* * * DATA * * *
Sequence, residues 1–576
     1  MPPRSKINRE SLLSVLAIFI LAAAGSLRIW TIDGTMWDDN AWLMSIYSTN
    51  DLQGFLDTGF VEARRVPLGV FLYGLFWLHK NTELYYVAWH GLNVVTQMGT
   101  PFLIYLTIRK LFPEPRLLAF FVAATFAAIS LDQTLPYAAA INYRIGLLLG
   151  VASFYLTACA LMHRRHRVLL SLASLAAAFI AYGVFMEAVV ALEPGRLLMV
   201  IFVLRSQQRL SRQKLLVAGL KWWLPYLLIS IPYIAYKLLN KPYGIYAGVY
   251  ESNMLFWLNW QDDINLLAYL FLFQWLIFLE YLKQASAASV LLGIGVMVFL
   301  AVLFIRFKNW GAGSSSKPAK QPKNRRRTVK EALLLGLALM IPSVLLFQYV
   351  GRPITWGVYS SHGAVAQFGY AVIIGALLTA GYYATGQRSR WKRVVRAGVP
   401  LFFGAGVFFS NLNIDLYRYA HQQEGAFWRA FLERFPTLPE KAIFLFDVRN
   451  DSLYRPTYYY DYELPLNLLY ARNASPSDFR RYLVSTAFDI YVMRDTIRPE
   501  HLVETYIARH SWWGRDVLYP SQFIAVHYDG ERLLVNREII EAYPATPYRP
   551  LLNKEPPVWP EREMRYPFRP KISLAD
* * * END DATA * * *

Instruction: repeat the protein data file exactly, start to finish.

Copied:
Sequence, residues 1–576
     1  MPPRSKINRE SLLSVLAIFI LAAAGSLRIW TIDGTMWDDN AWLMSIYSTN
    51  DLQGFLDTGF VEARRVPLGV FLYGLFWLHK NTELYYVAWH GLNVVTQMGT
   101  PFLIYLTIRK LFPEPRLLAF FVAATFAAIS LDQTLPYAAA INYRIGLLLG
   151  VASFYLTACA LMHRRHRVLL SLASLAAAFI AYGVFMEAVV ALEPGRLLMV
   201  IFVLRSQQRL SRQKLLVAGL KWWLPYLLIS IPYIAYKLLN KPYGIYAGVY
   251  ESNMLFWLNW QDDINLLAYL FLFQWLIFLE YLKQASAASV LLGIGVMVFL
   301  AVLFIRFKNW GAGSSSKPAK QPKNRRRTVK EALLLGLALM IPSVLLFQYV
   351  GRPITWGVYS SHGAVAQFGY AVIIGALLTA GYYATGQRSR WKRVVRAGVP
   401  LFFGAGVFFS NLNIDLYRYA HQQEGAFWRA FLERFPTLPE KAIFLFDVRN
   451  DSLYRPTYYY DYELPLNLLY ARNASPSDFR RYLVSTAFDI YVMRDTIRPE
   501  HLVETYIARH SWWGRDVLYP SQFIAVHYDG ERLLVNREII EAYPATPYRP
   551  LLNKEPPVWP EREMRYPFRP KISLAD